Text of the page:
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Foreman v. Lappin

United States District Court, District of Columbia

July 13, 2017

BENJAMIN P. FOREMAN, Petitioner,
v.
HARLEY G. LAPPIN, DIRECTOR, Respondent.

          MEMORANDUM OPINION

          TANYA S. CHUTKAN, United States District Judge.

         This matter is before the Court on review of Petitioner's pro se pleading (“Pet.”) titled “CONSTITUTIONAL GREAT WRIT OF HABEAS CORPUS PURSUANT TO THE UNITED STATES CONSTITUTION, ART. 1, § 9, CL. 2.” Petitioner is a federal prisoner serving a 300-month prison term imposed by the United States District Court for the Western District of Michigan on September 7, 2006, on his conviction of possession with intent to distribute cocaine and cocaine base and possession of a firearm in furtherance of drug trafficking. Pet. at 4. This is an enhanced sentence: based on Petitioner's prior criminal history, he is deemed a career offender who is subject to a longer sentence than otherwise would have been imposed under the United States Sentencing Guidelines. See id. at 3, 6; see Mem. of Law in Support of Issuance of Constitutional Writ of Habeas Corpus (“Pet. Mem.”) at 14-16 (asserting that his “25-year sentence would have been 89-120 months lesser” had he not been designated a career offender).

         The two offenses on which the enhanced sentence is based are “Assault With Intent to do Great Bodily Harm Less Than Murder” and “Delivery/Manufacture Cocaine Less Than 50 Grams.” Pet., Ex. L at 9, 11. Petitioner contends that he is actually innocent of the latter offense because the Michigan court “dismissed the Delivery conviction.” Pet. at 3; see id. at 6. Petitioner argues, “there exist[s] no factual basis for [the] Career Offender enhancement, ” id. at 6, such that his federal sentence is invalid and his current custody is unlawful, see id. at 3-4, 8. He demands his immediate release from custody or, alternatively, an evidentiary hearing. Id. at 9.

         If there were a remedy available to Petitioner, it would be by motion under 28 U.S.C. § 2255 addressed to the sentencing court. See Ojo v. Immigration & Naturalization Serv., 106 F.3d 680, 683 (5th Cir. 1997) (explaining that the sentencing court is the only court with jurisdiction to hear a defendant's complaint regarding errors occurring before or during sentencing); Day v. Obama, No. 1:15-CV-00671, 2015 WL 2122289, at *2 (D.D.C. May 1, 2015) (concluding that petitioner sentenced by the Eastern District of Virginia cannot pursue collateral attack on his sentence in the District of Columbia), aff'd sub nom. Day v. Trump, __ F.3d __, __, 2017 WL 2697981, at *4 (D.C. Cir. June 23, 2017).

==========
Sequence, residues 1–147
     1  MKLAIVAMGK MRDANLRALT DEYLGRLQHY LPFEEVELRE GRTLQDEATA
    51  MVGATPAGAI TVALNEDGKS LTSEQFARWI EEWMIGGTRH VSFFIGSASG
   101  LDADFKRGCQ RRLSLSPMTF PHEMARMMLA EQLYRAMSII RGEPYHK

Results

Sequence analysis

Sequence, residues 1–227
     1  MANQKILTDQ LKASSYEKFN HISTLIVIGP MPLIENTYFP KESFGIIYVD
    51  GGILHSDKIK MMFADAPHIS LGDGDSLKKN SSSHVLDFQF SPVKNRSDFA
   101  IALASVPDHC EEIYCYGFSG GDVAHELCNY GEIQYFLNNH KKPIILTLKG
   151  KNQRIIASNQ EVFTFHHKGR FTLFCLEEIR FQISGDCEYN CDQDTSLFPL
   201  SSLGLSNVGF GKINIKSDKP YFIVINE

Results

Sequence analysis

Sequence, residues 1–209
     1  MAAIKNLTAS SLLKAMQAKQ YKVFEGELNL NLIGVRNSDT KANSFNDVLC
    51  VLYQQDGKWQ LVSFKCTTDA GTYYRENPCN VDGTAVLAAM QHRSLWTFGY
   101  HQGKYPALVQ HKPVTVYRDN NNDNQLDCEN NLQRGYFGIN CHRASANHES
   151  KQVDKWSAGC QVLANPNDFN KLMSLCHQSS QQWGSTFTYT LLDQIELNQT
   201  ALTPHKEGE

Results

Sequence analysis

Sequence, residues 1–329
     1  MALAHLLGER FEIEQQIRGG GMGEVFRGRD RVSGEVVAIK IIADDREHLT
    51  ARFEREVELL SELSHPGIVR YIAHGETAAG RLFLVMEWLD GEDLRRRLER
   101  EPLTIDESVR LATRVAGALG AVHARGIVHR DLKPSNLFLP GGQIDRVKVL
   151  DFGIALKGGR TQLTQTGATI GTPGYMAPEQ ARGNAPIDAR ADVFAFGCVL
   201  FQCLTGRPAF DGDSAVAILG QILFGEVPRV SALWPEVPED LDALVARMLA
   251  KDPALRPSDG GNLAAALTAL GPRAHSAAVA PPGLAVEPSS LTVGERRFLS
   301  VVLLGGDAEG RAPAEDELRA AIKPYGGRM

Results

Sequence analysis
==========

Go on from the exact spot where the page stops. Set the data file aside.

Section 2255 provides that:

[a] prisoner in custody under sentence of a court established by Act of Congress claiming the right to be released upon the ground that the sentence was imposed in violation of the Constitution or laws of the United States, or that the court was without jurisdiction to impose such sentence, or that the sentence was in excess of the maximum authorized by law, or is otherwise subject to collateral attack, may move the court which imposed the sentence to vacate, set aside or correct the sentence.

28 U.S.C. § 2255(a) (emphasis added). A federal district court may not entertain “[a]n application for a writ of habeas corpus in behalf of a prisoner who is authorized to apply for relief by motion pursuant to this section . . . if it appears that the applicant has failed to apply for relief, by motion, to the court which sentenced him, or that such court has denied him relief, unless it also appears that the remedy by motion is inadequate or ineffective to test the legality of his detention ” Id. § 2255(e) (emphasis added). Once a § 2255 motion has been adjudicated, any subsequent motion must be presented to the appropriate court of appeals for permission to proceed in the sentencing court. 28 U.S.C. § 2244(b)(3)(A).

         Petitioner certainly was aware of the process by which to attack his federal conviction and sentence. See Pet. Mem. at 4-6. He already has sought, and has been denied, relief under § 2255, and the United States Court of Appeals for the Sixth Circuit has not authorized the Western District of Michigan to entertain a successive § 2255 motion.[1] “The § 2255 remedy is not inadequate or ineffective simply because § 2255 relief has already been denied, or because the [petitioner] has been denied permission to file a second or successive § 2255 motion.” Neal v. Gonzales, 258 F. App'x 339, 340 (D.C. Cir. 2007) (per curiam) (citing Charles v. Chandler, 180 F.3d 753, 756 (6th Cir. 1999) (collecting cases)).

         Petitioner has stated no claim for relief in this court, and his petition for a writ of habeas corpus will be dismissed. A separate order accompanies this Memorandum Opinion.

---------

Notes:

[1] Petitioner has filed assorted post-conviction actions, none successful, to challenge his conviction and sentence:

His journey began when he pleaded guilty in the Western District of Michigan to possession with intent to distribute cocaine base, possession with intent to distribute cocaine, and possessing a firearm in furtherance of a drug trafficking crime under a plea agreement. He was sentenced to concurrent prison terms totaling 240 months on the drug convictions and a consecutive term of 60 months for the firearm offense. His appeal to the Sixth Circuit was dismissed because his plea agreement contained a waiver of his appeal rights. United States v. Foreman, No. 06-2192 (6th Cir. Sept. 6, 2007).
In 2008, the petitioner filed a motion to vacate, set aside, or correct his sentence pursuant to 28 U.S.C. § 2255, and that motion was denied by the district court. Foreman v. United States, No. 08-01115 (W.D. Mich. July 19, 2010). The Sixth Circuit denied a certificate of appealability. F ...

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